Stop! Don’t go! You have to hear this. You are not a doormat. Yes, you. UC Berkeley defines boundaries as “…the limits and rules we set for ourselves within relationships.” Sometimes, they may be hard to set or come with some not-so-ideal situations, but they are healthy and necessary. How good are you at setting boundaries? Let’s do a quick check! Here’s five signs you have poor boundaries.
Quick! What’s the most powerful word that’s only two letters? No… F.U. isn’t a word. Did you guess it? The answer is “no”. The word “no” can not only stop something from happening or continuing, but it can also make you feel bad for saying it. Wait… did I read the script right?! Heh, yeah. Saying “no” actually makes some feel…guilty. In an article she wrote, Dr. Ilene Strauss Cohen, Ph.D., Psychology Today writer, explains that we experience this guilt because we feel prioritizing ourselves over someone is wrong. It’s not. Let’s use one of licensed professional counselor Tom Whitehead’s examples of a poor boundary from his scholarly article on the subject. You have a friend who loves to talk on the phone, and they call you all the time. You don’t enjoy talking as much and prefer texting, but you don’t want to be a bad friend by not answering the call. What do you do? Setting a boundary can help. You can tell your friend that you don’t mind them calling on the weekends, but you can’t talk during the week. This way, you don’t feel bad for not answering the calls, and your friend doesn’t think you’re ignoring them.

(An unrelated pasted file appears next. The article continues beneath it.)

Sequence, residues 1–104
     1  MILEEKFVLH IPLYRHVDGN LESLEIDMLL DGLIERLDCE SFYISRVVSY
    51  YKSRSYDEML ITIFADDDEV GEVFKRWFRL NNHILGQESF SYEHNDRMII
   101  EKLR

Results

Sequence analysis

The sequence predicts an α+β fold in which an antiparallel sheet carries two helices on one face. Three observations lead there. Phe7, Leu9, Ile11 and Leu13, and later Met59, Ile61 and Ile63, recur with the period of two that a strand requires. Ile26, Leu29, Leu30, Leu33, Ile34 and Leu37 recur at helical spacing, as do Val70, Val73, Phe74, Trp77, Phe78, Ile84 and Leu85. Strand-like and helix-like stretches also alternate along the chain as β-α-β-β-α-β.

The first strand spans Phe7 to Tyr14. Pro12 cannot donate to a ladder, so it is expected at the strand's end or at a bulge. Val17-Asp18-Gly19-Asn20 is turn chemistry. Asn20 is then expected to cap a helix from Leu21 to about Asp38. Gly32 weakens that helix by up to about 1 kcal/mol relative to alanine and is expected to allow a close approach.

Okay, hear us out. Have you ever been taaalking to someone and they give you mixed messages? You’re left confused and not sure if you should tell people you’re seeing someone or keep it on the DL. Same concept with boundaries. I have a friend, we’ll call them James. James does not like the names Jim nor Jimmy. If someone calls him one of those names, he’ll politely correct them. Imagine if James said he preferred James randomly but not EVERY time. It might get really confusing for friends and family to know what name you prefer if you aren’t consistent. This principle, along with how to create, set, and maintain a boundary are all explained in The Holistic Psychologist’s video “A Beginner’s Guide to Setting Boundaries”.
We don’t care who you are. No one likes answering the question “What do you want to eat?” I want food, duh. However, did you know not being able to answer questions like this consistently might be a sign of having poor boundaries? Psychology writer Andrea Darcy and Dr. Sheri Jacobsen explain that someone without boundaries may have lost their sense of self. When you are faced with a decision, you might be more concerned with what will please others rather than what you would prefer. If no one else is there to give feedback, you might even freeze up and not be able to decide on anything. So, going back to “what do you want to eat?” Do you normally say “Oh, whatever you want!” or do you give a thoughtful answer? If you said the former, you may have poor boundaries.
“You Should Know”